LEFEBVRE ANGERS, MARIE-ANGÉLIQUE, dite Saint-Simon, sister of the Congregation of Notre-Dame, superior of the community (superior general): b. 25 Oct. 1710 in Montreal, daughter of Jean-Baptiste Lefebvre Angers and Geneviève-Françoise Faucher; d. 28 April 1766 in Montreal.
Marie-Angélique’s grandfather, Simon Lefebvre Angers, emigrated to Quebec from Picardy in the second half of the 17th century. On 30 Aug. 1700 at Pointe-aux-Trembles (Neuville) his son Jean-Baptiste married Geneviève-Françoise Faucher and moved to Montreal around 1705.
When she was 16 Marie-Angélique entered the boarding-school of the Congregation of Notre-Dame, then in 1728 asked to be admitted into the community. On 20 Nov. 1730 her father undertook in writing to give the sisters the sum of 2,000 livres (800 were paid in 1730 and 1,200 in 1733). The next day Marie-Angélique took the nuns’ simple vows of poverty, chastity, obedience, and the vow to teach girls. In religion she received her grandfather’s name and became Sister Saint-Simon.
After participating in the apostolic activities of the congregation in Montreal, Sister Saint-Simon held important offices in her community. She was mistress of novices twice, from 1750 to 1756 and from 1763 to 1765. In between these two terms of office she assumed the office of superior general of the congregation.
Sister Saint-Simon’s superiorship took place during the Seven Years’ War. Her task was consequently made heavier by the hardships that befell the colony at this time and by the tragic events that the annals of the community record for the years 1757–63: the deportation to France of the sisters at Louisbourg, Île Royale (Cape Breton Island); the flight of the sisters from Quebec to Ville-Marie; the burning of the convents in the Lower Town of Quebec, at Château-Richer, and at Sainte-Famille (Île d’Orléans); the dangers incurred by the sisters on Montreal Island, especially at Lachine and Pointe-Saint-Charles. Sister Saint-Simon was in addition concerned, with good reason, about the fate that the conqueror, English and Protestant, had in store for her community. Under her direction, however, the congregation adopted a positive attitude towards the occupying forces. The sisters, it seems, believed in the régime of cooperation which Jeffery Amherst* claimed in his poster to want to set up. In any event, in the spirit of the church, for whom all authority was of divine right, they showed only submission and respect to the country’s new masters.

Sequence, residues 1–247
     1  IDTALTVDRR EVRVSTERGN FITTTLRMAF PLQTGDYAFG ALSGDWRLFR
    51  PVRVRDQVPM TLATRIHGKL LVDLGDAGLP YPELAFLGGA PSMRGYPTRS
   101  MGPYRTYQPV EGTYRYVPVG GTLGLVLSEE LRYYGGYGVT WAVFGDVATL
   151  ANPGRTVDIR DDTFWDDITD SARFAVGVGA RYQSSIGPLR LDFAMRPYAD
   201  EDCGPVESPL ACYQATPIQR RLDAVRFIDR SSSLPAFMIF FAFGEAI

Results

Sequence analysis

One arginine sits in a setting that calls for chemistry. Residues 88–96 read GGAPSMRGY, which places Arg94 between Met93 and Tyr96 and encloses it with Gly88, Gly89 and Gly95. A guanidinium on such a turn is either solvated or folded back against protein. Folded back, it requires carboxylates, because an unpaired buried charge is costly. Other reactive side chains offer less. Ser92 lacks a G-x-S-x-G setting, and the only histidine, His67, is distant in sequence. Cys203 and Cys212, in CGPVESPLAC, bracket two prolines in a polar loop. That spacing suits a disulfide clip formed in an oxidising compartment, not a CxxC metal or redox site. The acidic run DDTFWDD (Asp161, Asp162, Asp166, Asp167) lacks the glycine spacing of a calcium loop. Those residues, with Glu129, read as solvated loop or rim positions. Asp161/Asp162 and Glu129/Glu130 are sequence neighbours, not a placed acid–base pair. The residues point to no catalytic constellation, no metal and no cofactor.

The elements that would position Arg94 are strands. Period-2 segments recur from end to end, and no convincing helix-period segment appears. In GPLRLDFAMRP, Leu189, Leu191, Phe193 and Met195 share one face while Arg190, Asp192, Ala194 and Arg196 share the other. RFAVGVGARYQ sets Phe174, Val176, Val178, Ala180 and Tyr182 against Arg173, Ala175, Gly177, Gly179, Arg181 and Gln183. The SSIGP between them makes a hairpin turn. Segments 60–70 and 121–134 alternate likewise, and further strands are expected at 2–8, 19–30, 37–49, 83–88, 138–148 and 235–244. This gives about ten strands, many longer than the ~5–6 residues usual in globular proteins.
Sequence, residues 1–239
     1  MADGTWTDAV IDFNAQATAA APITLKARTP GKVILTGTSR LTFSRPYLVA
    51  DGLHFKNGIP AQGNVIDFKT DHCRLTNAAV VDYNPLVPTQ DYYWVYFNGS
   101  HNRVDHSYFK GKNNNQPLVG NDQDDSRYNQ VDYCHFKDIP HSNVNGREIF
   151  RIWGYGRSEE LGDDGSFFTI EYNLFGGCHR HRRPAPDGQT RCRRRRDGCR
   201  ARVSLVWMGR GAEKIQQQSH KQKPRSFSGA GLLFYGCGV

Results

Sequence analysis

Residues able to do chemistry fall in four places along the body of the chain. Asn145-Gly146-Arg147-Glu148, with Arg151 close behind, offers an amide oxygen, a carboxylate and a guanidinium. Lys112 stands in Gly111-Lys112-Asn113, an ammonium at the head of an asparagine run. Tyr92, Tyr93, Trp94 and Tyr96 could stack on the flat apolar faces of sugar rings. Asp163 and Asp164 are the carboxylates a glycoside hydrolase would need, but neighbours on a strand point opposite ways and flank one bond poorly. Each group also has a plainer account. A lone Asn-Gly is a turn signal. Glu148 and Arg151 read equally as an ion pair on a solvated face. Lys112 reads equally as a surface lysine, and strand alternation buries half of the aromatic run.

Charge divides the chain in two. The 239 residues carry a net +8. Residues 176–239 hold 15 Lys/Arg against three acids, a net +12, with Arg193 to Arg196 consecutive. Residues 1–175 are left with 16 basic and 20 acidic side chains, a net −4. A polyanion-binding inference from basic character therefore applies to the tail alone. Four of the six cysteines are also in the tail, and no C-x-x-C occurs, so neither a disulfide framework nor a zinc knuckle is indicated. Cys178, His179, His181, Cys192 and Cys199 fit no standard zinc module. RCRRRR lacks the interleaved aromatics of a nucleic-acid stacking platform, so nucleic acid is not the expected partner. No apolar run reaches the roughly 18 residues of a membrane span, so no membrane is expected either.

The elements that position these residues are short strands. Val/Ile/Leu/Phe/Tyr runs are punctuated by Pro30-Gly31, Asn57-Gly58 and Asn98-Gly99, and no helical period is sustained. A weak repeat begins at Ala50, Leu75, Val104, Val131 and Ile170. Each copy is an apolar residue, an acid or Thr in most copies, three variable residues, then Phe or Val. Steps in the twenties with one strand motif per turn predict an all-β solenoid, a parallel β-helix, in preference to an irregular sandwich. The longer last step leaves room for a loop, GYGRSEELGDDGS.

Six years as superior under such conditions exhausted Sister Saint-Simon. After serving the community for two more years as mistress of novices, she had to retire and died a few months later, on 28 April 1766; she was buried the next day. Marie-Angélique Lefebvre Angers was only 55, but she had given 38 years of her life, and all her resources of intellect and heart, to the educational work of the Congregation of Notre-Dame.
ACND, La Congrégation de Notre-Dame: son personnel, 1653–1768; Fichier général des sœurs de la Congrégation de Notre-Dame; Plans des lieux de sépulture depuis 1681–CND; Registre des sépultures des sœurs de la Congrégation de Notre-Dame; Registre général des sœurs de la Congrégation de Notre-Dame de Montréal. ANDM, Registres des baptêmes, mariages et sépultures, 26 oct. 1710. ANQ-M, Greffe de J.-C. Raimbault, 20 nov. 1730. Archives paroissiales de Saint-François-de-Sales (Neuville, Que.), Registres des baptêmes, mariages et sépultures, 30 août 1700. Sister Saint Ignatius [Catherine Jane] Doyle, Marguerite Bourgeoys and her congregation (Gardenvale, Que., 1940). Lemire-Marsolais et Lambert, Histoire de la Congrégation de Notre-Dame.